The first year I climbed with a backpack with 25 pounds in it. To build more back muscles, and enhance the work out on my legs. I would just climb at a walking speed. Then I added 50 pounds to the backpack, I strained some muscles and had to stop the regimine.

    This exercise would build the leg and back muscles but I didnt seem to have alot of endurance or energy. And still struggled to keep up with my hunting partner.

    The second year I sluffed off and gained alot of weight.

    The third year I worked my tail off, to loose the weight. I lost the back pack and started running the stairs. This really helped my endurance in the fall, I felt really good and had alot of energy. Climbed some rough country elk and chuckar hunting. Had fun.

    This year I could keep up with my hunting partner easily, until he had his heart attack.

    Now I'm continuing the cycle of laziness, putting on about 10 pounds. I have already decided I'm going to go at it hard this year. Not give up, its all about will power. I always have more fun when I have the endurance and energy to hunt.
     
    Last edited: Jan 22, 2008
  10. jimbo300

    jimbo300 Well-Known Member

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    BB,

    Great article.

    I try to keep in good hunting shape by working out with free weights and using a stair-stepper year-round. I can see that I need to step-up my intensity another notch in the cardio department.

    You never know when you might get lucky and draw that limited sheep or elk tag.
     
  11. ricknolan

    ricknolan Well-Known Member

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    That explains a lot.

    Three years ago while living in Abq. NM I trained for a NM mule deer and CO elk hunt and did okay, but just okay. I could walk a good pace for 2 miles at 6000 feet. Thinking I would be in fair shape for the hunt I never pushed it. At 50 I did not need a heart attack. I did far until I hit 10,000 feet or so and I would run out of air at 13,000.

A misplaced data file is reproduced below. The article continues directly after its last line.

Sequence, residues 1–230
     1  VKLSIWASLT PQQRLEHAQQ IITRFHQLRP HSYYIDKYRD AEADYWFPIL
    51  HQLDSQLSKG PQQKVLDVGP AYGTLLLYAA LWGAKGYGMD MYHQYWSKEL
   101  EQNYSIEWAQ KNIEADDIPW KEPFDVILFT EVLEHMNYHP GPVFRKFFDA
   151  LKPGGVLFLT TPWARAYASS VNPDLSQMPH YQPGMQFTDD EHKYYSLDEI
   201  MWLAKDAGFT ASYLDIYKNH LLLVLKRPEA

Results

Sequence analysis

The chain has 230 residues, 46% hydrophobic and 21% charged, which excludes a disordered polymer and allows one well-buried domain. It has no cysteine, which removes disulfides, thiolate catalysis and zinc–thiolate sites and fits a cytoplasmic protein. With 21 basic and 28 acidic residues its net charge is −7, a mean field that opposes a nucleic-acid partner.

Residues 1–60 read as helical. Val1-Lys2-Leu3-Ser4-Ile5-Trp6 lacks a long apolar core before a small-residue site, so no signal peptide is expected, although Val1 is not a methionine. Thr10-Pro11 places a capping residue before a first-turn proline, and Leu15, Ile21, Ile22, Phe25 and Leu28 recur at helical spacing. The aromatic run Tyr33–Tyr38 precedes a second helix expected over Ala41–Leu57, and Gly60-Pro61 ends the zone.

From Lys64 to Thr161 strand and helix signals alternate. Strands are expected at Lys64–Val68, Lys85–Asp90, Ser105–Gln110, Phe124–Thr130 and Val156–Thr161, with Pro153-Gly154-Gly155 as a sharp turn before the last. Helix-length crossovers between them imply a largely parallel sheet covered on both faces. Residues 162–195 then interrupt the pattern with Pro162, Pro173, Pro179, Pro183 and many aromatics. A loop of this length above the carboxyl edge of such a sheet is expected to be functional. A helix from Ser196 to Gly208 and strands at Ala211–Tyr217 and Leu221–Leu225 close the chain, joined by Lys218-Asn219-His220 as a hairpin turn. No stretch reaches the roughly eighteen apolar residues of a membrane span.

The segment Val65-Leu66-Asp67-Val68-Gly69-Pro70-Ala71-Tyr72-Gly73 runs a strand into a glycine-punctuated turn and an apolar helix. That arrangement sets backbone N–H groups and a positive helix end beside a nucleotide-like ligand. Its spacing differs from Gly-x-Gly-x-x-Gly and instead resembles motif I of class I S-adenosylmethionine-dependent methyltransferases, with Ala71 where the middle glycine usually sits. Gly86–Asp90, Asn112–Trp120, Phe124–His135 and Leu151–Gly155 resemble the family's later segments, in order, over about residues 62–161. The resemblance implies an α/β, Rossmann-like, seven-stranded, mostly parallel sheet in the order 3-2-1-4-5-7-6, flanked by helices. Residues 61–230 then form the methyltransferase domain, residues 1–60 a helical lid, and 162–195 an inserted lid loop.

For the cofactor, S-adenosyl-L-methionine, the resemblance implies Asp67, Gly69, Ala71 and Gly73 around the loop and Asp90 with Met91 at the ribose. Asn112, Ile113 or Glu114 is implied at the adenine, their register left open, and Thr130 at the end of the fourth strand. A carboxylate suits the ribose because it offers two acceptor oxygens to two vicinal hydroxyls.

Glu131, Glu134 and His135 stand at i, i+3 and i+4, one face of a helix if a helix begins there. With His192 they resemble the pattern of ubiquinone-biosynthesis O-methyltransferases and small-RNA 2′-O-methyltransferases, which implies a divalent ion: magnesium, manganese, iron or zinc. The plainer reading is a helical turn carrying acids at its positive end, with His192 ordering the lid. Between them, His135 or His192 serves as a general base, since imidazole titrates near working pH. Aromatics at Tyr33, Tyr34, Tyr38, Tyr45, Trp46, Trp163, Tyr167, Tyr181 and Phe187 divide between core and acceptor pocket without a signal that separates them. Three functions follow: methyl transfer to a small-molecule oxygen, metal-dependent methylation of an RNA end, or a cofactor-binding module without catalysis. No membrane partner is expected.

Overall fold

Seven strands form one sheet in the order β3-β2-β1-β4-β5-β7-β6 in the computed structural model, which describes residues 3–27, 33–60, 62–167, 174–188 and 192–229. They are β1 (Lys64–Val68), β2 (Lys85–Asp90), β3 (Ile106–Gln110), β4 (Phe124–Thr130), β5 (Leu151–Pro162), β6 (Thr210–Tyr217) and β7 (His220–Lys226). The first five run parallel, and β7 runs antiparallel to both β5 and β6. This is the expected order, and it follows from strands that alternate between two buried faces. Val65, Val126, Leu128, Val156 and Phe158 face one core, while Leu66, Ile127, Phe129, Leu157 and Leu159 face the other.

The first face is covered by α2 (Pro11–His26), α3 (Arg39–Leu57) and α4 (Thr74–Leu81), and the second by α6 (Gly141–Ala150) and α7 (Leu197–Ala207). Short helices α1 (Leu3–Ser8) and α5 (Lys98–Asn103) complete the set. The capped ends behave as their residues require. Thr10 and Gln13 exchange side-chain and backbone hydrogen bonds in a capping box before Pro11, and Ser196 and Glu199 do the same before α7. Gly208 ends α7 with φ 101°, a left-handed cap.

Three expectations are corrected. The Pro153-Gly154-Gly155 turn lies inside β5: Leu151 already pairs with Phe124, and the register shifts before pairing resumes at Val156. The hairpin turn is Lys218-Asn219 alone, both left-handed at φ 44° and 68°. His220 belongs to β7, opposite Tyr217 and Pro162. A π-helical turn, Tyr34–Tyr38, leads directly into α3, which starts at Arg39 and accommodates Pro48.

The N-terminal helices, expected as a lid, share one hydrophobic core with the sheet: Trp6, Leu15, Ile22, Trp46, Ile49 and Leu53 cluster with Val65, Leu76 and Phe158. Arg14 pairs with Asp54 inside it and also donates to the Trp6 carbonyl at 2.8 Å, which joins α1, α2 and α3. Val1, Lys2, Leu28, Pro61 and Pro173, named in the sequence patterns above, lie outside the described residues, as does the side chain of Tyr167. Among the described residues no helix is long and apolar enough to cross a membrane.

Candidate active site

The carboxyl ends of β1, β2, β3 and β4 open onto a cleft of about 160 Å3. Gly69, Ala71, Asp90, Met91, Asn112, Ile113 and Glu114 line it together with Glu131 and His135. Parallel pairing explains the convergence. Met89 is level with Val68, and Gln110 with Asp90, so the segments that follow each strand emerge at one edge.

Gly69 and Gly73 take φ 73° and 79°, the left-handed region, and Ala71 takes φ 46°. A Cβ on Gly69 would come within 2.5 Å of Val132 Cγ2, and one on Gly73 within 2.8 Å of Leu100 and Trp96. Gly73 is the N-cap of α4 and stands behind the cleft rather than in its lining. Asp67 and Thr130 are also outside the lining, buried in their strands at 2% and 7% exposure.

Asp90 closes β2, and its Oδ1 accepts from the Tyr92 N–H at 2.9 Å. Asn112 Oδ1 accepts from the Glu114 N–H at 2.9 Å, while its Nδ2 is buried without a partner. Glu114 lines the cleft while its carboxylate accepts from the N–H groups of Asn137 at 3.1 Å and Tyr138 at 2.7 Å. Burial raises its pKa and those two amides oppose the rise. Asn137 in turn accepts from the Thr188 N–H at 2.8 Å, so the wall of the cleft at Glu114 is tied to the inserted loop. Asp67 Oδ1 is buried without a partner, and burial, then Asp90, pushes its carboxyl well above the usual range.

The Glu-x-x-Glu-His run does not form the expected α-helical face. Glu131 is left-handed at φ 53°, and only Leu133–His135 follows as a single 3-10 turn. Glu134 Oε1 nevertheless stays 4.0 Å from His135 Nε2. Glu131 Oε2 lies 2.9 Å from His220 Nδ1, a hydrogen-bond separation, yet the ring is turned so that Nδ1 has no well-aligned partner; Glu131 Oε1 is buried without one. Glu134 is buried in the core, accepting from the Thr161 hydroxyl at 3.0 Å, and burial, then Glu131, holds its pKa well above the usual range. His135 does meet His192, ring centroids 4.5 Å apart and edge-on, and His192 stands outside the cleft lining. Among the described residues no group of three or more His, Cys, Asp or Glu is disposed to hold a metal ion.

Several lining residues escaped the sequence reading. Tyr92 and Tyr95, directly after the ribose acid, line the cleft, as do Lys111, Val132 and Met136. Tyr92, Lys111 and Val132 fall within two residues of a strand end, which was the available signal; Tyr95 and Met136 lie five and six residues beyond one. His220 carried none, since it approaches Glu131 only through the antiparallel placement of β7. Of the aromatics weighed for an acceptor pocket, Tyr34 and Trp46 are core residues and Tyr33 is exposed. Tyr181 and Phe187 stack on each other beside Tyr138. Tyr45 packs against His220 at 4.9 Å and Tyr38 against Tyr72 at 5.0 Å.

The next two years I was living in Oklahoma and again could walk 2 plus miles at a good pace and have no issues. When I hit the mountains I could not walk 200 yards without gasping for air. My legs were okay, but I had to stop and rest and catch my breath.
    At 13,000 feet just getting off the ATV and putting on the backpack winded me.


    It is so hard I have considered not going back. Key word considered. I am going to give it another go this year and work harder getting the heart rate up there as you suggest. My knees will not let me run (I broke a knee cap two years ago on an elk hunt in CO). Maybe a bike would be easer on my knees? I was even thinking maybe take the ATV to the trail head and then take a bike on up to more remote country.

    Thanks for the insight.
     
  12. TAP

    TAP Well-Known Member

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    Great article. I was just talking to my hunting buddy about an Wyo. Elk hunting trip we have planned this fall. I told him I was starting to work out to prepare for the hunt. This article gives me the info needed to train properly for this hunt and others to come. Appreciate the info.
     
  13. mikenc

    mikenc Well-Known Member

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    BB

    Great information. Now I know for sure, mountain climbing is not for me!

    Again, great information



    Mike
     
  14. Ernie

    Ernie SPONSOR

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    Hunting in the hills is hard and can be dangerous. It is not for everyone, for sure. Steve (sscoyote) have taken people to hunt with us in the mountains that we wish we would have never taken. Fortunately no one ever got hurt. Because of a bad right knee, I don't run anymore. Just after the first of the year I have been at the gym in the early AM 5 days a week. I will spend an hour to an 11/2 on the elipitcal machine, walking and then a hour long spin class on Tues & Thurs.
    When the weather is nice I will ride my road bicycle around 30 miles for a workout. I will end up doing a couple of 60+ and 100 mile rides through the spring and summer. Steve and I pack out our elk and deer on frame packs, so we make sure we are in good enough condition to do so.
    I can't emphasize physical prep enough. The better shape you are in, the more enjoyable and likely a safer hunt.